- Kindle Fire HD vs iPad Mini, But compares itself with iPad 4
- Sony PlayStation 4 Price, PS4 Release Date Rumors update: $400 or less?
- Samsung Galaxy S4 Release Date, Price, and Specs Review: 16th April on AT&T for $249
- Sony Xperia Z Ultra unlocked released in US, Price for $669
- Thinnest Android Smartphone Huawei Ascend P1 Now on Sale at Amazon for $449.99
Samsung shocked the tech world on the evening of June 20 when it unveiled the new Ativ Q – a 13-inch tablet whose native Windows 8 launches Android Apps. The device is still yet to be released, so we will have to wait to see if it’s a fully-integrated productivity powerhouse or just another device with an identity crisis.
Since the Android OS controls about 51% of the smartphone market share, and a Windows OS is found on most home computers, it seems natural that the two would combine, almost evolutionary. The Ativ Q’s custom Windows 8 allows the user to not only launch Android Apps, but pin them to the Start menu as well.
Unfortunately, the Ativ Q doesn’t seem like a consumer-level product. While no pricing has been announced just yet, the 13-inch screen boasts a 3200 X 1800 resolution. The keyboard is also kept behind the tablet and slides out when you want it, which will no doubt also amp up the price. On top of all these factors, it is running Intel’s Core i5 Haswell processor, so it will be state-of-the-art.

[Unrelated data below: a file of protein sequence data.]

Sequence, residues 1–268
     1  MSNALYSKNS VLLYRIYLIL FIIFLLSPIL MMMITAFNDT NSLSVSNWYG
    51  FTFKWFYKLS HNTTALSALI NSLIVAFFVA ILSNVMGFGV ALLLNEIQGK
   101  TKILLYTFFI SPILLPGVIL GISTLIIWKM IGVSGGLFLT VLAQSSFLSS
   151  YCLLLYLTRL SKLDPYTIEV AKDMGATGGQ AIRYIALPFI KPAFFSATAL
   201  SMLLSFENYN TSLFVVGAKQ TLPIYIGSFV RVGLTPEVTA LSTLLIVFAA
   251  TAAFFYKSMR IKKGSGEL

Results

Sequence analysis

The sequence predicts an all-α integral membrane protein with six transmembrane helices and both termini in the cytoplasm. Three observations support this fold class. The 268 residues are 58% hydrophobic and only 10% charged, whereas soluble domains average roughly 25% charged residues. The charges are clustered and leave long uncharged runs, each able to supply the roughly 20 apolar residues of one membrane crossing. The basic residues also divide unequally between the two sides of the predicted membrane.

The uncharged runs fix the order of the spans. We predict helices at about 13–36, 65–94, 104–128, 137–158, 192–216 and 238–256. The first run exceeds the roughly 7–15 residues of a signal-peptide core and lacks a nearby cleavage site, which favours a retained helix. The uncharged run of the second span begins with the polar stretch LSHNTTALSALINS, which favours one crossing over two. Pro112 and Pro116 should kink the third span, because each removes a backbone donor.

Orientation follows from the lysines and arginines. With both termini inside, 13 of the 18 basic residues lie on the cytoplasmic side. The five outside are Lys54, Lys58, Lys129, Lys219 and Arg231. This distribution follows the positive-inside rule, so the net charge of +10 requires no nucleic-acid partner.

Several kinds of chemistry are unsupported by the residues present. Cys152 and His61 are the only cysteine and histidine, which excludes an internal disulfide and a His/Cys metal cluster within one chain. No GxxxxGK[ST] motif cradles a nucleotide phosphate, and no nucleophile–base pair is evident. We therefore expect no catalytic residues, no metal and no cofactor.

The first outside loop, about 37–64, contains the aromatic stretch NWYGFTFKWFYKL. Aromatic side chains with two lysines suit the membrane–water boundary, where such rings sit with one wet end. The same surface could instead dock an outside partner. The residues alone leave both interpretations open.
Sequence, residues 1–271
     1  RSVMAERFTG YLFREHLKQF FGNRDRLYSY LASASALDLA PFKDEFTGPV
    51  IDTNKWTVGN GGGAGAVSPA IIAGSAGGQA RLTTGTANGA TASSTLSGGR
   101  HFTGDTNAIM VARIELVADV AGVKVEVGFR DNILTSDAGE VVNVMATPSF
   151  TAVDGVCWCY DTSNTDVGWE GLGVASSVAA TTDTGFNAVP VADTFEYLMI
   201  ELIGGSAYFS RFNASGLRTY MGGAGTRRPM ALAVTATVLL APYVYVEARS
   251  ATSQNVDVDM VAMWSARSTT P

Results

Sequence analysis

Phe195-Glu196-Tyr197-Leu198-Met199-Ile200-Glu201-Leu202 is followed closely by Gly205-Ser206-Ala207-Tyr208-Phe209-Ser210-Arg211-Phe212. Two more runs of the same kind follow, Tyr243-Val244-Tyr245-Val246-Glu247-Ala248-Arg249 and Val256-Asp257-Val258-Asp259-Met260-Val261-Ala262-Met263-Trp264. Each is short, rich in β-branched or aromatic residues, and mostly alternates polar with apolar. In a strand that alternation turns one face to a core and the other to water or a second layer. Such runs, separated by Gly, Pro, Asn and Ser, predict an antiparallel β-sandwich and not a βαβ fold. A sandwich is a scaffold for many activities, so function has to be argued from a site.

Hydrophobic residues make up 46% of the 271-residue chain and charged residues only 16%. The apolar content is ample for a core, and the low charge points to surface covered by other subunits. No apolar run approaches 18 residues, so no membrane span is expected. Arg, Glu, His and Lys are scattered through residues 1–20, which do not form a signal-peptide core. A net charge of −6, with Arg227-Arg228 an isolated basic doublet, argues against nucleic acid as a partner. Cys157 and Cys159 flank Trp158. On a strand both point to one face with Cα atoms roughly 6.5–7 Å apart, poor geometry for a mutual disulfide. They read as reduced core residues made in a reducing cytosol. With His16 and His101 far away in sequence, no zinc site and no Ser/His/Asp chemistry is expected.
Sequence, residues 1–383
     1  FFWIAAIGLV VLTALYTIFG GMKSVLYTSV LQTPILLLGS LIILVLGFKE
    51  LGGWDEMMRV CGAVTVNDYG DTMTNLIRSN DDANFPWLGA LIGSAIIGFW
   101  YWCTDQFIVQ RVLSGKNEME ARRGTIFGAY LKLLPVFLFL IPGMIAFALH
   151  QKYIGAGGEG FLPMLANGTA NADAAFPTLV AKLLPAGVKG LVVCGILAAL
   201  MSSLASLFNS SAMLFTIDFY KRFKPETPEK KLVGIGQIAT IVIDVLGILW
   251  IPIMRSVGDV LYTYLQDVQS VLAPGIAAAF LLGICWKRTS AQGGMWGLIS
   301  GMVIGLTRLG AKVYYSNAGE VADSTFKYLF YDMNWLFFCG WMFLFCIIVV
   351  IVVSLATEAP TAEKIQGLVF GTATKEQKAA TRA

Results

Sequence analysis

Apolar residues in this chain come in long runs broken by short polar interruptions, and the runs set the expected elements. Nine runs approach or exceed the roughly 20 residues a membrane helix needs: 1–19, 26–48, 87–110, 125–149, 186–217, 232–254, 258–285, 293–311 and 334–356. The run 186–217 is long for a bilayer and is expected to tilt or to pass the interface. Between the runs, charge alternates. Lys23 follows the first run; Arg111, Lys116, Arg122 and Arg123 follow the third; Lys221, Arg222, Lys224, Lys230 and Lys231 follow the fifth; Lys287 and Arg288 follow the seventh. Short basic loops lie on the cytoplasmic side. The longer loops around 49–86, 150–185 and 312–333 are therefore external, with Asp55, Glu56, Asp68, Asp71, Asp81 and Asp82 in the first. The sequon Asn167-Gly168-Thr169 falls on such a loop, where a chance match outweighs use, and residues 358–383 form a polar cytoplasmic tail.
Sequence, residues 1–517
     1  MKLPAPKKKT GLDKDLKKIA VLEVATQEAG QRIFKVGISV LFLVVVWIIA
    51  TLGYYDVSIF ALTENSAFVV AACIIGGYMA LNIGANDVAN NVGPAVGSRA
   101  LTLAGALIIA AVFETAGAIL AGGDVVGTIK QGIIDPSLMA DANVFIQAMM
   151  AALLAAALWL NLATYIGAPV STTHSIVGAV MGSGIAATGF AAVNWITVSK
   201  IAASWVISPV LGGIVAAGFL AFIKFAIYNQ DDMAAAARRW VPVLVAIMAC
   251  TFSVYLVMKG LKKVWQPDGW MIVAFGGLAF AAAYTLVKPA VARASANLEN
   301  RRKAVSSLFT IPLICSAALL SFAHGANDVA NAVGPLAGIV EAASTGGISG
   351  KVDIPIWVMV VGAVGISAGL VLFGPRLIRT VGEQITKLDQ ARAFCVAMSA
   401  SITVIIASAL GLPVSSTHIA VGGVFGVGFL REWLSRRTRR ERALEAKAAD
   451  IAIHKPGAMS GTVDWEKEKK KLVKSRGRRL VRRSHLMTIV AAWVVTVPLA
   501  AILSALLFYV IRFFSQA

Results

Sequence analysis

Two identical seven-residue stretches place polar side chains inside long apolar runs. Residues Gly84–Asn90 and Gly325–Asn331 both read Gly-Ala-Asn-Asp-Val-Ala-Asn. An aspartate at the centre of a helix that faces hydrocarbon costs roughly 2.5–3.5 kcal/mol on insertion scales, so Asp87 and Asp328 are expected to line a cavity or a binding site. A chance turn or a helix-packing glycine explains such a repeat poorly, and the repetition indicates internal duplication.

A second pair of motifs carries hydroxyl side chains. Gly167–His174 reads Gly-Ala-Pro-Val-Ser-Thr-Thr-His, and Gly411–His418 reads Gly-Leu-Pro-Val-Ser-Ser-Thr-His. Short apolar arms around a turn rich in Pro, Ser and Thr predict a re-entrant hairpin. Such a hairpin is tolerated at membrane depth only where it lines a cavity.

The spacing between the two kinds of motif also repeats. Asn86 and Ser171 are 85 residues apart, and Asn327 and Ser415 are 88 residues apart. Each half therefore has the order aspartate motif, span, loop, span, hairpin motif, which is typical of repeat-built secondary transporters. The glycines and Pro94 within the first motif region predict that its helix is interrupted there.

The Ativ Q’s sliding keyboard will allow for a few different typing angles. Flip the keyboard all the way upside down, and it will function as a tablet stand for presentations. It also includes Samsung’s S pen stylus, which can be stored in the base. And its high resolution gives it 275 pixels per inch, which is more than Apple’s Retina display (which clocks in at 264).
A few previewers have noticed some potential problems with this device, however. The keyboard, while convenient, has small keys which may be difficult for people with larger fingers (like me). Because of its sliding keyboard and 13-inch size, it is a bit chunky, and about a pound heavier than an iPad. One of the biggest complaints about Samsung’s S pen is that it’s uncomfortable to hold, as well, so this might be a detraction.
Besides the processor and resolution, no other specs have been released for the device yet. When the final version is released, we’ll get to see whether Samsung has created a brilliant masterpiece of design and integration or a horrific Chimera that fails because it tries to do too much.